Hands down the best hostel in San Jose, and one of the best in Costa Rica. The space is hip, modern, and clean with lots of contemporary furniture, but what makes this place a true gem is the people who run the place and the guests it attracts. Every morning they serve complimentary fruit and pancakes which are cooked by a Floridian who somehow makes them more perfect than even the most trafficked roadside diners.

On Friday nights one of the Italian hostel workers crafts handmade pizzas in the garden and bakes them in a wood fired oven. I enjoyed mine while sitting in a circle with a group of new friends over a bottle of wine listening to someone strum the guitar. Many guests hung around the hostel in the day reading, drawing, or playing pool. One night ten of us gathered in the livingroom and watched one of their many movie selections, The Big Lebowski. One of the hostel owners came around with homemade popcorn for each of us.

The hostel is located in San Pedro which is a cool college neighborhood that I felt relatively safe walking in at night. It’s not particularly close to the bus stations nor the airport, but the taxis aren’t too bad and the hostel is directly in front of a major bus stop.

If you plan to stay in San Jose for an extended period of time this is the place.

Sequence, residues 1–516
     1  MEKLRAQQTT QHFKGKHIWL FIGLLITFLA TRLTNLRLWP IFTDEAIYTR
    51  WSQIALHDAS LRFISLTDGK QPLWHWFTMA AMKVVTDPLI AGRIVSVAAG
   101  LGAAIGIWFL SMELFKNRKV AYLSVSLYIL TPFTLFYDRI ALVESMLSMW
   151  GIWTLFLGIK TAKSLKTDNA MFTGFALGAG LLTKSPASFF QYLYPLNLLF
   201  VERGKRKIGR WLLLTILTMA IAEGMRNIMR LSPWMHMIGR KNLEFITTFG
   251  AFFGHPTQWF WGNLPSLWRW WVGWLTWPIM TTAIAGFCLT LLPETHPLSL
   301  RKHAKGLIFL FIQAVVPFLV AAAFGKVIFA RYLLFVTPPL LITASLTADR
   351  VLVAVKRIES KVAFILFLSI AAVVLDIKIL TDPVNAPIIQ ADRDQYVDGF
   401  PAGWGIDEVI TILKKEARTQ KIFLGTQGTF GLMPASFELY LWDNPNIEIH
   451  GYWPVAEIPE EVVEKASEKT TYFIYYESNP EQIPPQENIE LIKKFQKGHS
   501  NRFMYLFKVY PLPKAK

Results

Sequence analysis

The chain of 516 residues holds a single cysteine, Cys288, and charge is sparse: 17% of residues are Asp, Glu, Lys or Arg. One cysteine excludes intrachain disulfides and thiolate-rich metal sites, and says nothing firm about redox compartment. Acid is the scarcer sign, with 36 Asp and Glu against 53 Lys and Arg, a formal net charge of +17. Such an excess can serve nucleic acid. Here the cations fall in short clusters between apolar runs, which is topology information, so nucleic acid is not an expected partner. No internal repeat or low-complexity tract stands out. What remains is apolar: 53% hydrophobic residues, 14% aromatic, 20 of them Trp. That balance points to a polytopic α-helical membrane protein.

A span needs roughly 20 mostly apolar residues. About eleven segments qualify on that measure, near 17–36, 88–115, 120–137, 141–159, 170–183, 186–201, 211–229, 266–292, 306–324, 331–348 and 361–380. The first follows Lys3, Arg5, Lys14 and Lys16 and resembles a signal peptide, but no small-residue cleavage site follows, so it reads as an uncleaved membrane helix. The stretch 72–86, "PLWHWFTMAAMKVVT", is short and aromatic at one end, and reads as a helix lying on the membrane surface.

Hostel Pangea

Dorm beds starting at $14, Privates starting at $34

Ok, here me out. It is huge. It kind of looks like a jail. And the neighborhood is sketchy as all hell.

But I have found this hostel to be extremely useful when I am simply going in and out of San Jose and need to catch an early flight or bus. First of all, it’s close to the bus stations yet is quite secure with big cement walls and a guard at the door. The rooftop bar and lounge serves decent food until late and has a lively atmosphere where you can meet plenty of other travelers. They have several free computers for guests to use, a pool table, and an awesome deck with a view of the city. They offer an airport shuttle for $11 (a taxi costs about $30) and some of the hottest showers I’ve taken in Central America. Did I mention they have a pool? I’ve never seen anyone swim in it.



Where to Eat


Jardin del Parque


Jardin del Parque

$9 for plate of the day, includes a starter salad and drink

The location is ideal, the setting is lovely, the food is nutritiously delicious, and the price is right. Jardin del Parque serves incredible vegetarian organic fusion food for breakfast and lunch in a peaceful garden with a view of the Parque Nacional. The staff is wonderful and the service is prompt. On my last visit I enjoyed a chickpea curry with cucumber raita and a raw kale miso dressed salad topped with black sesame seeds. If you want to indulge a little, order the pizza which comes on a perfectly chewy whole wheat crust and is topped with daily goodies like mushrooms, goat cheese,  and caramelized onions. Yum!



$40-$80 with drinks, expect to spend what you would in a nice sushi bar in the states